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Trust should go both ways in domestic infant adoption

26 Nov

I watched a discussion play out early this week on an adoption board on BabyCenter, one of the few boards I still enjoy reading because they normally don’t deal in fluff, are adamant that you can’t be shady, and face the reality that adoption is hard, but sometimes it’s needed. I popped in this week and one caught my eye, I read it, and it’s still in my mind today; an expectant mother wanted to learn about the adoption and the process.  She asked whether people adopted for charity or because they wanted to be parents and other good questions.  Before I get to the question that tipped a few over, I want to note that it was just a few that seem to be aghast with what she wanted, and others offered solid advice and support.

Her question: “Is it a reasonable request that I visit them and possibly even see their home where my child would be raised? I’m terrified of giving my child to a family that looks good on the outside but on the inside isn’t what i thought them to be… or is a home visit just weird?”

Person One said: “I personally wouldn’t be comfortable with a home visit until I got to know the family more after placement.”

The expectant mom responded about making her more confident in her decision.

Person One responded: “That is not usually how it works. Seeing the home first I mean.”

The expectant mom reiterated how it important it would be, but she might as well have saved her breath…

Person One responded:  “No. You don’t usually meet them in their home. Normally it’s at restaurants. Or doing an activity. A lot of expectant moms have the adoptive parents attend dr appt. you really should meet with some agencies and or attorneys for orientation.”

While this back and forth happened, another person felt the need to explain with this: “I’d say you really won’t get to see their home until you know each other better if at all.  You don’t really interview families. You look at profiles and talk to the social worker about what you want most.”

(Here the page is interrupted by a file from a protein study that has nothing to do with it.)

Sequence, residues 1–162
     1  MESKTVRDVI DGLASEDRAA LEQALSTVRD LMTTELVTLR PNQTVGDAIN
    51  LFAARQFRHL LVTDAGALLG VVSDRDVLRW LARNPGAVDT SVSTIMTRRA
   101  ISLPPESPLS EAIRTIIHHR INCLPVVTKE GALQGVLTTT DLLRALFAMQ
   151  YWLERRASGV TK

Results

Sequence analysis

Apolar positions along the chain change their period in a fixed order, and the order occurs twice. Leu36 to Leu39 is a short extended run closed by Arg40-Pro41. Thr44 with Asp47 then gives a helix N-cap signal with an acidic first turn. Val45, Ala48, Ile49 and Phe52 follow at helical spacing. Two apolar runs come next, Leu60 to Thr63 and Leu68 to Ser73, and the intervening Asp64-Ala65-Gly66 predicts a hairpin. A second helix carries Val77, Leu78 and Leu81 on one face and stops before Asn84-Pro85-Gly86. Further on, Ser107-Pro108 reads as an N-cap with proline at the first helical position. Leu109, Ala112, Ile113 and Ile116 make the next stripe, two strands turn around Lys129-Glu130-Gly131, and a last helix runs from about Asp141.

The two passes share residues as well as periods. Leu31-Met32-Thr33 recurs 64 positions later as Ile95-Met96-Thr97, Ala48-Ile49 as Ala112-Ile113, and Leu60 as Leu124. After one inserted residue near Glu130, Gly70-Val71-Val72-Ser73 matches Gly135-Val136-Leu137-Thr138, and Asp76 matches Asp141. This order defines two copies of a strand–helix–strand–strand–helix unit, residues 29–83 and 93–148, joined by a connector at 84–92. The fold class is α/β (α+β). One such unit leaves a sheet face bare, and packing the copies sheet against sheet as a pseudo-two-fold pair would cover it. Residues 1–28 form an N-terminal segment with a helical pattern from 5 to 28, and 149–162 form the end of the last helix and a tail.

All of which left me thinking that adoption is no different today than before when you get right down to it, they’ve just put lipstick on a pig and state expectant moms have choices today, they drive the process, they are in control.  When the reality is that the process dictated to them is what is acceptable to the adopting parents, and ensures the expectant mom knows the score by doubling down with words like “that’s how it’s done” or “that’s not how it’s done”, and when you feel like your back is against the wall in a situation dictated by time, what choice do you really have?

I came away from reading the above exchange feeling like they’d clearly said: You are just a birthmother, how dare you expect to see the family home where your child will grow up, we are obviously better than you because we are adopting parents, who are you to question if we are good enough for your baby.  Nor do you interview prospective parents for your child, you read the profiles created by us (or the professional we paid to make us look perfect).  You talk to the social worker (our fees pay for) about what you’d like in a family.  Stay in your lane, the birthmother lane, and after you’ve signed away your rights, later, if the adopting parents feel you are acceptable, maybe, just maybe, one day you can visit the adoptive parents home.  Oh, and just for good measure because you obviously need schooling on what we feel entitled to, despite this not being part of the discussion, you need to know that, we, the adopting parents expect to be there for doctors visits (which of course would include the birth).

It left me feeling dirty, a feeling that still lingers today.  This is not how adoption, domestic infant adoption is being portrayed when they speak about how good, brave, selfless birthmothers today are, how they are part of the family.  Adopting parents need to get real.  If you say you want an open adoption, say how brave, loving, selfless, an expectant mom is, but balk at her coming to your home before she places her baby with you – what are you really saying?  If you want her to trust you with her child, shouldn’t you trust her too?

 

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13 Comments

Posted by on November 26, 2017 in Adoption

 

Tags: , , , ,